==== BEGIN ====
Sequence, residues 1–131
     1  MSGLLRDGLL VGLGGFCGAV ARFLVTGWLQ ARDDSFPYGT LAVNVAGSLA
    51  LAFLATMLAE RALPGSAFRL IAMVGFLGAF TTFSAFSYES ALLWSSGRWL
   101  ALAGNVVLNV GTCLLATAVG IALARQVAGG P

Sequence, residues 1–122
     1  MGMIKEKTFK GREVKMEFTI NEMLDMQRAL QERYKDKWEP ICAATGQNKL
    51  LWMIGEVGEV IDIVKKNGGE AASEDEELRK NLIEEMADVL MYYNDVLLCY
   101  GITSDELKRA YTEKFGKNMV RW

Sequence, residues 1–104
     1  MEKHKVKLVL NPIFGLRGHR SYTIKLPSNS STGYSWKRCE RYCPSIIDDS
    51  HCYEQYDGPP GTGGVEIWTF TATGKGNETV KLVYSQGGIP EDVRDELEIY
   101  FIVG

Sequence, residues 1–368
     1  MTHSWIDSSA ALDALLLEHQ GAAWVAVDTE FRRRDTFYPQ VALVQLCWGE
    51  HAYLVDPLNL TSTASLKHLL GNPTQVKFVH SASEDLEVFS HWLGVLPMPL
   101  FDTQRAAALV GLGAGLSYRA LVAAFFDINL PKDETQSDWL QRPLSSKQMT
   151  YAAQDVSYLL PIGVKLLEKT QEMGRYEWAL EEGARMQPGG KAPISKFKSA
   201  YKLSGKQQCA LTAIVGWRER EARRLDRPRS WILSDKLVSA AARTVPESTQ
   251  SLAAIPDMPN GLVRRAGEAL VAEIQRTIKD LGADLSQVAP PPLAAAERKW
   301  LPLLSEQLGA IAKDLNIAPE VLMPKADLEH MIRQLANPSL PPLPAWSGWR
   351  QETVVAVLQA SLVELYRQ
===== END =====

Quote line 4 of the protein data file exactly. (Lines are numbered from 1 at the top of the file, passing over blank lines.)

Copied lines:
   101  ALAGNVVLNV GTCLLATAVG IALARQVAGG P